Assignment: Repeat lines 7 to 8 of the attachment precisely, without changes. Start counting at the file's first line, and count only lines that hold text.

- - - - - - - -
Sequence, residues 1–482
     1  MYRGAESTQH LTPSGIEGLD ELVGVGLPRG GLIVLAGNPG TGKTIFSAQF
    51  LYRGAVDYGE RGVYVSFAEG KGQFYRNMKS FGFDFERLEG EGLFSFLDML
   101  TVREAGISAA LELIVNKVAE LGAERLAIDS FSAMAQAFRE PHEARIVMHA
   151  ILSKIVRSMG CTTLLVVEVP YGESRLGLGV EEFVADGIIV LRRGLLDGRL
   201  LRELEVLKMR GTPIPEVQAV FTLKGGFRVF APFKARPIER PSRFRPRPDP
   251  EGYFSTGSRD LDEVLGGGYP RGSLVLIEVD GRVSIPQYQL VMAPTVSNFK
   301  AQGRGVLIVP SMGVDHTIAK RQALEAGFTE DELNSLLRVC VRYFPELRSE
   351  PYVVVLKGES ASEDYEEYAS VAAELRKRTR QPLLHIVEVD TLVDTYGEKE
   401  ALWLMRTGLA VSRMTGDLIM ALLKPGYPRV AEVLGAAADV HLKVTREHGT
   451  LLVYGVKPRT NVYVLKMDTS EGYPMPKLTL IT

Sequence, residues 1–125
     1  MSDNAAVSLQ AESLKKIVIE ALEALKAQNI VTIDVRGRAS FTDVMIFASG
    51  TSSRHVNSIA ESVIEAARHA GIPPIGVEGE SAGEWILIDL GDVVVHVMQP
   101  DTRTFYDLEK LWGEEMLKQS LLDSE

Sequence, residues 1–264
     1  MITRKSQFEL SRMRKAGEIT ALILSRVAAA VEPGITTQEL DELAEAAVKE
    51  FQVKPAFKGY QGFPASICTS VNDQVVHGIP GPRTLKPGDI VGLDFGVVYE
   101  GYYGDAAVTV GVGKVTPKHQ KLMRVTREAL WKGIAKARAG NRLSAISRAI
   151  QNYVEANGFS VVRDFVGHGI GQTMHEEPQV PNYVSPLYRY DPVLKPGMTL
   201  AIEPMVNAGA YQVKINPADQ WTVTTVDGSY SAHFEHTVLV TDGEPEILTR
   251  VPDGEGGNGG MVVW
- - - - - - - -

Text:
   251  EGYFSTGSRD LDEVLGGGYP RGSLVLIEVD GRVSIPQYQL VMAPTVSNFK
   301  AQGRGVLIVP SMGVDHTIAK RQALEAGFTE DELNSLLRVC VRYFPELRSE